As part of the History of the American West Series edited by Richard W. Etulain, Colin Calloway provides an interesting and scholarly book for anyone interested in the American west; particularly the North American Indians. This compilation of primary sources and synthesis of secondary sources shows the changes and desperation that gripped American Indians as they tried to cope with abundance and adversity. Calloway begins this journey by discussing the importance of the land, and how change affected many things. He adroitly notes that that “only by considering America as Indian country can we get a sufficiently long span of history to recognize that civilizations here have risen and fallen as they have elsewhere in the world.”
The book has three parts and eight chapters with a prologue, epilogue, endnotes, selected bibliography, index, and a list of illustrations and maps. The title derives from the way many Lakota or Sioux tribes kept their histories. Winter counts were pictographs on dried buffalo skins that told their annual story. The maps, whether created by the American Indians or others, allow the reader to understand the plight of these peoples even more.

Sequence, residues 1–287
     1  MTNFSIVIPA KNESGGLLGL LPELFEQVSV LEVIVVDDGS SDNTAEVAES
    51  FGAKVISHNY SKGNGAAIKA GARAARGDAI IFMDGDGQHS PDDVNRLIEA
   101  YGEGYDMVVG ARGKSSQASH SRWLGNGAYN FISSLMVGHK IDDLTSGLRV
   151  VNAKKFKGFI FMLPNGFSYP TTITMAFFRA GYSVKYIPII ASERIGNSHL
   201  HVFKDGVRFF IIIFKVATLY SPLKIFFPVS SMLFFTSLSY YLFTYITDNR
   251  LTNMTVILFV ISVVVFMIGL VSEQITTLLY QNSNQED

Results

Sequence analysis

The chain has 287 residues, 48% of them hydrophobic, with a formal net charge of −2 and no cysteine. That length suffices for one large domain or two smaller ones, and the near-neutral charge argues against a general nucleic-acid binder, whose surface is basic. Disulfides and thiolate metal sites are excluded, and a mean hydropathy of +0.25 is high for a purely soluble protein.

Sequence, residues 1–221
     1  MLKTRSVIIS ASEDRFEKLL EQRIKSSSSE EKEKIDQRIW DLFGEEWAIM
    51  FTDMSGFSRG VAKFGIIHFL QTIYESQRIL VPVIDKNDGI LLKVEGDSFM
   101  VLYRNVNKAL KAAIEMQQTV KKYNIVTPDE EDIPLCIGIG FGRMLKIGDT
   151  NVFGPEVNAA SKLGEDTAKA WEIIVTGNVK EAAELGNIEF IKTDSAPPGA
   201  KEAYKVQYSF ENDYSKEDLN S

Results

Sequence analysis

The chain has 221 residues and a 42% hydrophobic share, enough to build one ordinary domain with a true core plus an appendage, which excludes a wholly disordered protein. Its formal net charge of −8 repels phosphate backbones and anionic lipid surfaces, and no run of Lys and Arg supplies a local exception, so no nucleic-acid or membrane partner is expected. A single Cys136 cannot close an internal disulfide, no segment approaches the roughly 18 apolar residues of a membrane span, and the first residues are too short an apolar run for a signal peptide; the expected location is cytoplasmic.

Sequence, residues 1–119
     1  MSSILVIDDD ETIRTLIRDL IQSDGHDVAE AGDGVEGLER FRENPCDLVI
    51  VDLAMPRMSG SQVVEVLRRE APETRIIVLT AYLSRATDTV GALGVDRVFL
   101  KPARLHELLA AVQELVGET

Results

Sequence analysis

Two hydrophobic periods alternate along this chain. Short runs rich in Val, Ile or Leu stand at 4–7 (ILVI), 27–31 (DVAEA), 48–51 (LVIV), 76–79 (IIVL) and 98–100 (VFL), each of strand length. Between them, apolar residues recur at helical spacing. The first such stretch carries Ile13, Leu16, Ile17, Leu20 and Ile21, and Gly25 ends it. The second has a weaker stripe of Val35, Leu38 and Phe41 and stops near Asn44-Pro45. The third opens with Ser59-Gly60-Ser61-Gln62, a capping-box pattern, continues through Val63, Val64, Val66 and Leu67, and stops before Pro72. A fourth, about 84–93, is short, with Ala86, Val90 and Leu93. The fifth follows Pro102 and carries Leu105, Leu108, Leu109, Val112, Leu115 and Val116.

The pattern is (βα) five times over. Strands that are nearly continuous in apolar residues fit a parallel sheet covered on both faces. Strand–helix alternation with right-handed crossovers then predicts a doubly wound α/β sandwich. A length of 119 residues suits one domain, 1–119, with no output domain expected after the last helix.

The first part discusses the American West that began in Appalachia
and extended across the plains to the western waters.
Mr. Calloway analyzes archeological evidence of American Indian
origins before considering the American Indian creation histories.
The second part delves into Spanish contact, attempt at conquest,
and the Indian reconquest by the southwestern Indians.
This second part concludes with the French exploration and
settlement of the Mississippi River valley.
Part three begins with the reintroduction of the horse to the
Americas, and he does an excellent job of analyzing the development and
importance of western tribes. He
then turns to the events before, during, and following the French and
Indian War. Calloway then
notes that the American Revolution, followed by Lewis and Clark, opened
the floodgates west and sent many Indians to their demise through the
introduction of smallpox. In
all instances, this volume provides an American Indian perspective to
trade, commerce, culture, and dominance.
The only continuum of western North America and its people remained